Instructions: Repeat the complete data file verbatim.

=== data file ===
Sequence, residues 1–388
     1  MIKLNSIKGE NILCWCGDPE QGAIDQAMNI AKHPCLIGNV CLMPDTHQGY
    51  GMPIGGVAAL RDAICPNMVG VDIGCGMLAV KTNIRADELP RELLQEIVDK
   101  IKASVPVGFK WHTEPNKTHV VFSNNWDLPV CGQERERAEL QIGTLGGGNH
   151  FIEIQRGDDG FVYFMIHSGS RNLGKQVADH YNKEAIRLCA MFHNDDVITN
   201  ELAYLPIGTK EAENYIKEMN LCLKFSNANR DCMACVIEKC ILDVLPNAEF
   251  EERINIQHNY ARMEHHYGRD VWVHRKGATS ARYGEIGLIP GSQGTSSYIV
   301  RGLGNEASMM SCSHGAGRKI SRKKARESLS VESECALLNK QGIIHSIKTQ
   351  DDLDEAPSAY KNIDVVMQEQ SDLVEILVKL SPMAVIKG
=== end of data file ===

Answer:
Sequence, residues 1–388
     1  MIKLNSIKGE NILCWCGDPE QGAIDQAMNI AKHPCLIGNV CLMPDTHQGY
    51  GMPIGGVAAL RDAICPNMVG VDIGCGMLAV KTNIRADELP RELLQEIVDK
   101  IKASVPVGFK WHTEPNKTHV VFSNNWDLPV CGQERERAEL QIGTLGGGNH
   151  FIEIQRGDDG FVYFMIHSGS RNLGKQVADH YNKEAIRLCA MFHNDDVITN
   201  ELAYLPIGTK EAENYIKEMN LCLKFSNANR DCMACVIEKC ILDVLPNAEF
   251  EERINIQHNY ARMEHHYGRD VWVHRKGATS ARYGEIGLIP GSQGTSSYIV
   301  RGLGNEASMM SCSHGAGRKI SRKKARESLS VESECALLNK QGIIHSIKTQ
   351  DDLDEAPSAY KNIDVVMQEQ SDLVEILVKL SPMAVIKG